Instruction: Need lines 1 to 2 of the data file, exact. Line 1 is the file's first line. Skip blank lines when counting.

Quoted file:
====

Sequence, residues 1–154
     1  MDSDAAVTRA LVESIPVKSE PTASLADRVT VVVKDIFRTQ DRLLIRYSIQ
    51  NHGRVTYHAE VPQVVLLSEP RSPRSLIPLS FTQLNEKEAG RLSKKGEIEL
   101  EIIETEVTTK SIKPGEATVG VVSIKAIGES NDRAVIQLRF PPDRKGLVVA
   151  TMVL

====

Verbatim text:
Sequence, residues 1–154
     1  MDSDAAVTRA LVESIPVKSE PTASLADRVT VVVKDIFRTQ DRLLIRYSIQ